As a child, I was fascinated by the world of wrestling. WWE (World Wrestling Entertainment), then WWF, was a glitzy universe populated by noble heroes and sneaky heels engaged in over-the-top battles. But even as a child, I knew that all of this was staged—the drama, the competition, the relationships, even the results were all predetermined rather than genuine.
As I grew up, I learnt that there was a word to describe this—kayfabe—“the willing suspension of disbelief that is used to create aspects such as feuds and gimmicks in a manner similar to other forms of fictional entertainment.”
It turns out that kayfabe is no longer restricted to the world of wrestling. It has entered the world of startups.
Welcome to OYO’s world of startup kayfabe.
How does it work?
A (PR) magic act in three parts
OYO Rooms, the Indian startup that has anointed itself as “the world’s third largest hotel chain”, has been in the news for a set of PR acts that closely resemble kayfabe.
Like a magic trick, this kayfabe act plays out in three parts.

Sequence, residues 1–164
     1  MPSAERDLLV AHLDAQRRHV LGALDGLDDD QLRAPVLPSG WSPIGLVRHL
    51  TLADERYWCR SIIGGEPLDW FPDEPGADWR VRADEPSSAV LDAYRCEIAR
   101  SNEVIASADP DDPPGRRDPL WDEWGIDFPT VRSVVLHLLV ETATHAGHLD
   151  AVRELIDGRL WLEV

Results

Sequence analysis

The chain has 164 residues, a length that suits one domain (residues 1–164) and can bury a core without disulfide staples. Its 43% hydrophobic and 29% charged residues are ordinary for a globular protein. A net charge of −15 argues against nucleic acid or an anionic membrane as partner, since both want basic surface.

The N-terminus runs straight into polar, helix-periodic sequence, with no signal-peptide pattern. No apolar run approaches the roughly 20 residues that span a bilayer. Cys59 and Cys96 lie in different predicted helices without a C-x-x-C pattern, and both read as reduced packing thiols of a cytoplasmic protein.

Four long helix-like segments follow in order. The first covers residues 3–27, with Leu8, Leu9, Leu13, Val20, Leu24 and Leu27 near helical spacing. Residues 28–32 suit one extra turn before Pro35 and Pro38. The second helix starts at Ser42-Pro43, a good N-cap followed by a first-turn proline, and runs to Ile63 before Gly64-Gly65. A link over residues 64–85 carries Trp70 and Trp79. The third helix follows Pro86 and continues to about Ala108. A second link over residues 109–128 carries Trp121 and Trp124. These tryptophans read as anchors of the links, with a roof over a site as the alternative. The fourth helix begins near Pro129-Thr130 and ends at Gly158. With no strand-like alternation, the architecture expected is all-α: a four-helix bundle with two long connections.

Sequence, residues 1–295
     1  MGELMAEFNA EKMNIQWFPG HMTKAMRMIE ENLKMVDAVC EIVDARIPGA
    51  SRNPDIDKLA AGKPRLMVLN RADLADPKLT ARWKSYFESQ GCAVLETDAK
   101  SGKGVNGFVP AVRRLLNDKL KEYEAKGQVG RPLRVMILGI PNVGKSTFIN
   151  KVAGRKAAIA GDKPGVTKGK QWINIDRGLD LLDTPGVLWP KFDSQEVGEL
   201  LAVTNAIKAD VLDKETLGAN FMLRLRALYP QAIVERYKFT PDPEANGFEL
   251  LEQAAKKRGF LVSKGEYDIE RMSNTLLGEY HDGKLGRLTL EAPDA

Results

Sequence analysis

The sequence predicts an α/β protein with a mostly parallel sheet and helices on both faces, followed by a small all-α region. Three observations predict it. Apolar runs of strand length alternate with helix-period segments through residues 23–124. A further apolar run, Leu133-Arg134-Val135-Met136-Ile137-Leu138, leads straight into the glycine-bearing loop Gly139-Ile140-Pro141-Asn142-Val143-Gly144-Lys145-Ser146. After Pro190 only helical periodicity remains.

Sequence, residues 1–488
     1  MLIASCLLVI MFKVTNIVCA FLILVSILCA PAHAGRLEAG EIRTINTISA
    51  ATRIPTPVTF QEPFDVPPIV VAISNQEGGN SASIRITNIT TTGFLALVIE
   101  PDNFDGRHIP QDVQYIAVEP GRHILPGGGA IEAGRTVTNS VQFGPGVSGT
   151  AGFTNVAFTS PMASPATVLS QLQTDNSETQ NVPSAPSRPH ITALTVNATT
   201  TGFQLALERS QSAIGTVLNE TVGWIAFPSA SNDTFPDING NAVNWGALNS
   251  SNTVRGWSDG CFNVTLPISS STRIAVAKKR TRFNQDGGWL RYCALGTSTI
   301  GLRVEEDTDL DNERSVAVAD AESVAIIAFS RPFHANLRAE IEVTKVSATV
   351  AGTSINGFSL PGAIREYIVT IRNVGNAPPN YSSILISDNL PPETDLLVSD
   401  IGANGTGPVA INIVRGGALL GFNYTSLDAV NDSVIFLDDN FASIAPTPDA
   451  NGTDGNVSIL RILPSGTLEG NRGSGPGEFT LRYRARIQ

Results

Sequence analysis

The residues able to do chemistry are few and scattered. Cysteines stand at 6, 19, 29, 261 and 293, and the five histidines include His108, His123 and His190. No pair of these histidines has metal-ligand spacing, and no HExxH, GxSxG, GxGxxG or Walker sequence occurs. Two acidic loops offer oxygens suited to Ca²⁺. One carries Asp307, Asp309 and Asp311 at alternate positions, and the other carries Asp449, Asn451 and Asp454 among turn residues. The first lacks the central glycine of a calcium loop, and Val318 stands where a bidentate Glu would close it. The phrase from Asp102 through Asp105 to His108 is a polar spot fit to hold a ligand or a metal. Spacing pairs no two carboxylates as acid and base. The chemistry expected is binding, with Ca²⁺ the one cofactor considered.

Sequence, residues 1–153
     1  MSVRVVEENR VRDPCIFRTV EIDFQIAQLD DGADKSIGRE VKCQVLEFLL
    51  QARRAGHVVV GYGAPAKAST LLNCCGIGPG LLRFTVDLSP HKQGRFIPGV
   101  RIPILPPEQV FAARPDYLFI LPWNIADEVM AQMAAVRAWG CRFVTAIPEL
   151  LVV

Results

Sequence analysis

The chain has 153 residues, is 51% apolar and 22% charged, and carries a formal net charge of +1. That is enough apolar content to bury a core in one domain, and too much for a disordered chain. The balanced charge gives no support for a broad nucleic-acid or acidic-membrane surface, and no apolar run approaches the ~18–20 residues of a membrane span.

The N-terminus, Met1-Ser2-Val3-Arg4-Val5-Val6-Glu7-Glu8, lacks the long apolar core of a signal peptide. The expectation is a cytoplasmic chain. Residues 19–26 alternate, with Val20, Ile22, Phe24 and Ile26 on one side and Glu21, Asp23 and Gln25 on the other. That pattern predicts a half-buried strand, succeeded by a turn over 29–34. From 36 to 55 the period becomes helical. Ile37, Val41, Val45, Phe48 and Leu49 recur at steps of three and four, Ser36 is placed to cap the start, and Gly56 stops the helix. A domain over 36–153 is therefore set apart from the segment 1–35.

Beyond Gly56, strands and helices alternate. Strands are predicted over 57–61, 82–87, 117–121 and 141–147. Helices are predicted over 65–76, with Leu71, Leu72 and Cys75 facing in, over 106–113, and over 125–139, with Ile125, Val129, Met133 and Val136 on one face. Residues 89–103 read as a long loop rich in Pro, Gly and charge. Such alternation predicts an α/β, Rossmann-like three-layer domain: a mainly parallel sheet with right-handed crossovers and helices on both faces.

First, the “pledge”, the act of the magician showing you something. In OYO’s case, this act is literally a pledge—the promise of investing hundreds of millions of dollars in new markets such as the US.
Second, the “turn”, the act of converting something ordinary into something extraordinary. With OYO, this part involves converting its market scale into an IPO “two or three years down the line” that will value the firm at an eye-popping $18 billion, a valuation no other Indian startup has touched before in public markets. According to an expert, “with every new market that Oyo enters, it will add $2-3 billion to its valuation”. The magical part here is that the blinding spotlight on scale has left both the audience and the experts completely oblivious to OYO’s questionable business model. The kindest thing that one can say about this model is that it is “as yet unproven”.
But it is the third part of this magical kayfabe that is most impressive—the jaw-dropping “prestige”. Ritesh Agarwal, OYO’s founder, is reportedly in talks to buy back OYO shares worth an eye-watering sum of $1.5 billion.
So what exactly is magical about this?
For one thing, the scale. No other Indian founder has hitherto bought back shares worth even a tenth of this figure.